The average home warranty costs around 50 dollars a month. Premiums will be higher for older homes where the appliances are prone to break. Premiums will be higher, too, if you choose to have it include your pool pump and irrigation system as well as the dishwasher and air conditioner.
But what is the value proposition for home warranties? How much money can I save with a home warranty?
The Savings on Equipment Replacement
This is probably the biggest reason to consider a home warranty. Your emergency fund might pay for replacement parts on a washing machine or air conditioner, but you probably don’t have enough money saved to buy a whole new one. Home warranties typically have strict rules on when the appliance or HVAC equipment can be replaced. In general, the replacement is only allowed if the repair costs almost as much as a new item or there have been several attempted repairs. When equipment replacement is necessary, you will generally get that years’ worth of premiums and more back. The returns are greatest on big ticket appliances like refrigerators and HVAC equipment.
Note that home warranties replace like with like. If you have a basic refrigerator, they’ll pay to replace it with a basic refrigerator. If you go for the deluxe model, you’ll pay that price differential out of your own pocket.
The Savings on Repair Bills
Home warranties don’t pay for every service call to your home. You typically have to pay for seasonal checkups like changing the air filters in the HVAC and checking the furnace for cracks. Your warranty won’t pay to clear the clogs out of the garbage disposal or dishwasher, either. For real repairs, the service fee could be anywhere from 20 to 150 dollars. Parts are generally extra. The warranty company may pay for the labor and parts if it is a covered repair or they may provide cash reimbursement up to their warranty limit on that type of repair.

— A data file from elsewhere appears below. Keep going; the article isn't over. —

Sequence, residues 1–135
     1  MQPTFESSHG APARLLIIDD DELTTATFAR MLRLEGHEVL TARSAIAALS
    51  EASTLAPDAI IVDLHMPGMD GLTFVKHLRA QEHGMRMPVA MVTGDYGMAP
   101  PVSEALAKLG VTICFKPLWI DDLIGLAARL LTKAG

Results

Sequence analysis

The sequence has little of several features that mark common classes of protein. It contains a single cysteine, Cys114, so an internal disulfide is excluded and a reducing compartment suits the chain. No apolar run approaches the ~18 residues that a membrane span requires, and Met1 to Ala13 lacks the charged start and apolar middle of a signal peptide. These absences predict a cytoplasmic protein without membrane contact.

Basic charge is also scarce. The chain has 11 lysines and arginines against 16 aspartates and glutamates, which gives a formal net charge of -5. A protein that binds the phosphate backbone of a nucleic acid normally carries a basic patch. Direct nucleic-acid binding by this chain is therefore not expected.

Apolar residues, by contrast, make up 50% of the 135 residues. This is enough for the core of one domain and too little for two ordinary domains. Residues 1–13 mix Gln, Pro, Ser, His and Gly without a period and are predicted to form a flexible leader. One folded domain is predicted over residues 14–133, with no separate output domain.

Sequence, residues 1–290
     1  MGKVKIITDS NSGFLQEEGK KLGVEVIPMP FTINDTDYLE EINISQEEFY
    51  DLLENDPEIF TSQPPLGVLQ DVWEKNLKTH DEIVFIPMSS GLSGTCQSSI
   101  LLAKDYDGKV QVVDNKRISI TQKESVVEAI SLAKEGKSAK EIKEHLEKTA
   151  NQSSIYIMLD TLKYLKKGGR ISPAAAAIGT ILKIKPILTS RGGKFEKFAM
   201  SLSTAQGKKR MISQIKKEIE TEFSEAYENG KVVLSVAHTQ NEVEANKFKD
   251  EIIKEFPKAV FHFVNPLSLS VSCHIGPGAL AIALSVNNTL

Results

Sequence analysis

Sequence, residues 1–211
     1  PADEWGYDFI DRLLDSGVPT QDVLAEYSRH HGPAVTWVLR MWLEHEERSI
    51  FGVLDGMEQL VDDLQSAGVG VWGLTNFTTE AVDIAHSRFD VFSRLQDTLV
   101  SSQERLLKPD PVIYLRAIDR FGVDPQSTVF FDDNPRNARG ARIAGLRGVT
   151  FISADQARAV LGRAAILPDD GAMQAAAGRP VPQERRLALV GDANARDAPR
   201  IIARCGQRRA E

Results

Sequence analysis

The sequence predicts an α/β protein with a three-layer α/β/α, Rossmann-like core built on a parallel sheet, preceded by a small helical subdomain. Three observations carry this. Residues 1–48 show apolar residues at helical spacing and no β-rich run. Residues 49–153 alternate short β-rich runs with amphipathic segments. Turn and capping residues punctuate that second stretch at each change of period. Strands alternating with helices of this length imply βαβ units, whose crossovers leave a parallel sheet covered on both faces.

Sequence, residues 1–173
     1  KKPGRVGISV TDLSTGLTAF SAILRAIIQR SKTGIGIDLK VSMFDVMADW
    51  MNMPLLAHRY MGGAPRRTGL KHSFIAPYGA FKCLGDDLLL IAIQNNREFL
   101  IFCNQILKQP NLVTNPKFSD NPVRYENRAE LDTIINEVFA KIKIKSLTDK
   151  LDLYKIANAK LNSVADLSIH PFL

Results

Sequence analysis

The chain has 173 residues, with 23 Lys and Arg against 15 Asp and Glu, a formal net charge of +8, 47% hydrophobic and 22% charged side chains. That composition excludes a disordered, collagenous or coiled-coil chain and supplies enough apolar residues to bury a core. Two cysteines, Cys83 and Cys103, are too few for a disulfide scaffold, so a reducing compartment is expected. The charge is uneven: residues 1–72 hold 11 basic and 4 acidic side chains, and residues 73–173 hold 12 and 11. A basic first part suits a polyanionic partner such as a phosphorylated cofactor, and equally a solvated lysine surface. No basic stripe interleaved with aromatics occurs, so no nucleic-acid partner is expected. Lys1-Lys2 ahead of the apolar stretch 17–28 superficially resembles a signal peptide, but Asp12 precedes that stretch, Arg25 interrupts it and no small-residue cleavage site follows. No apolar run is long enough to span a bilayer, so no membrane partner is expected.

How much money do you save with home warranties? Reports show that the average home warranty customer has 1.5 claims a year. These are typically repairs, not replacements. If the claim is covered, it can reduce the price you pay for the service. The savings are greater if the repair person is in a network and essentially providing a volume discount to warranty customers.
The Intangible Benefits
It is harder to assign a value to the ongoing maintenance that a home warranty incentivizes you to keep up with. For example, your home warranty may not cover a dead AC compressor if you haven’t been changing the filter or having it inspected twice a year by a licensed HVAC tech. That maintenance is an investment in the life of the equipment. This typically extends the life of the unit and reduces the need for repairs. The hard part is quantifying it.
Actuarial researchers have done this on behalf of the warranty company, but they’ve also shifted the HVAC inspection costs to you, as well. In general, we think that these almost intangible benefits are similar in value to the warranty itself, especially as your home ages. After all, you can put a price tag on keeping warm with electric heaters while paying for emergency furnace repair, something you defer by a year or three by investing in maintenance you keep up so the warranty will cover the furnace repair when it dies.
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